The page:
Strengthen your defenses | health beat

The Mediterranean diet emphasizes nutrient-dense foods that are essential for building a strong immune system. (For Spectrum Health Beat)

If you want to do all you can to boost your immune system this winter, think about diet and lifestyle first.

The best defense against threatening viruses like colds and flu is to eat well, exercise and get enough sleep, said Kristi Veltkamp, ​​RDNRegistered Dietitian from Spectrum Health.

In some cases, you might consider taking supplements, but you should talk to your doctor first.

“I think it’s not necessarily something that’s going to be that magic pill,” Veltkamp said. “It really has a lot to do with your general lifestyle.”

Certain vitamins help boost or maintain the immune system, Veltkamp said.

Vitamin D, for example, is a good immune system booster, although it’s hard to get enough from food alone. It can also be difficult to get it in the winter in Michigan, because the best source of vitamin D is the sun.

Expose the arms, hands and face to the sun about 15 to 30 minutes at least three times a week is usually enough for most people.

Zinc also helps the immune system. It is usually available in protein foods such as meats, seafood, chicken, and beans. It is also in milk, cheese and some nuts.

Another important nutrient is vitamin C, which is relatively easy to get from food. The recommended amount is 75 to 120 milligrams per day.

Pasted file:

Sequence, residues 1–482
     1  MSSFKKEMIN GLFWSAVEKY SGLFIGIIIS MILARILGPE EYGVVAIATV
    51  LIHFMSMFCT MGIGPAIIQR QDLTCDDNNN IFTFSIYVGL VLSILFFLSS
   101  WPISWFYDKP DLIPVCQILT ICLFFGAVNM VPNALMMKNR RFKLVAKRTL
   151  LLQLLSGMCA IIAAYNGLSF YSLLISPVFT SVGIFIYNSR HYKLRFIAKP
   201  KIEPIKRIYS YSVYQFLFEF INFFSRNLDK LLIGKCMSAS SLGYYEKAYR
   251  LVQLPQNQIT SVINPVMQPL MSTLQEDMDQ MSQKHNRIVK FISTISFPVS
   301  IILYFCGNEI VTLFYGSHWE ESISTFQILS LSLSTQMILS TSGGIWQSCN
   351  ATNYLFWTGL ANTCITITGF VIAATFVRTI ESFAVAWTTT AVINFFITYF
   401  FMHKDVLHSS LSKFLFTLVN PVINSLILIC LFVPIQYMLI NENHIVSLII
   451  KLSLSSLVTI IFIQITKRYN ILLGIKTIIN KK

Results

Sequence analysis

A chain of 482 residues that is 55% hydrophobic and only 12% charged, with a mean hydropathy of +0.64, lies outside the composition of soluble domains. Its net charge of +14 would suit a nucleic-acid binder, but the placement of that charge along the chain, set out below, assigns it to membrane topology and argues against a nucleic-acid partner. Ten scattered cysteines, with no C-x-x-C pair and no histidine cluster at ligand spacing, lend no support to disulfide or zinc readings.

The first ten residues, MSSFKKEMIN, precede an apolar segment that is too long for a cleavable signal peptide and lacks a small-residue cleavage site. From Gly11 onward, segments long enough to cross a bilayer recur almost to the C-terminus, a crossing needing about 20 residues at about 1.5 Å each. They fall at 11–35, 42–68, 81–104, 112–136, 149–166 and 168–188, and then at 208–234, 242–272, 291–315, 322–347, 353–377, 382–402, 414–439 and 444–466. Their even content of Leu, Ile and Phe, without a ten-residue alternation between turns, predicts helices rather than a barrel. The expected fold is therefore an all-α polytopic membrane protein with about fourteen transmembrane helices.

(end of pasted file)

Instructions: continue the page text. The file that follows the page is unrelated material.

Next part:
Bell peppers, citrus fruits, strawberries, broccoli and sweet potatoes are all good sources. As a general rule, you should eat five servings of fruits and vegetables a day to get enough vitamin C.

The right amount

A vitamin deficiency can be a problem.

Low levels of vitamin D can increase the risk of catching a cold, while a zinc deficiency can increase the risk of more serious flu. A lack of vitamin C could increase the risk of a cold or the flu.

Your GP can help you determine if you have any vitamin deficiencies.

Ultimately, you should try to get what you need through a healthy diet before looking for supplements. You get many nutrients from food, but usually only one vitamin from a supplement, Veltkamp said.

“Individuals don’t need supplements unless they have low amounts in their bodies,” Veltkamp said.

Keep in mind that there are dangers associated with the misuse of vitamins and supplements.

High doses of vitamin D can increase the risk of bone fractures and cause respiratory infections. Too much zinc can cause low copperas well as the decrease in the effectiveness of antibiotics.

“In these cases, more isn’t necessarily better,” Veltkamp said. “Adequate is good.”

food first

If you’re looking for a meal plan that ensures you get the right amount of vitamins and nutrients, look no further than the mediterranean diet.

The foods on this diet are rich in vitamins that boost the immune system, as well as nutrients that fight inflammation and increase antioxidants.

Turmeric and garlic, two components of the Mediterranean diet, can reduce the risk of colds.

Quercetin, a virus-fighting antioxidant, is found in onions, tomatoes, olives and beans, all recommended items in the Mediterranean diet.

Omega-3 fatty acids, which helps with brain and heart functionare found in fish and chia seeds, flaxseeds and walnuts, among other foods in the Mediterranean diet.

In addition to eating well, you should avoid foods high in sugar and white flour, Veltkamp said. Sugary treats, carbonated drinks, and fried foods can weaken the immune system, causing inflammation and more severe colds.

In addition to eating a healthy diet, you can boost your immune system by getting enough sleep, exercising regularly, maintaining a healthy weight, and reducing stress.

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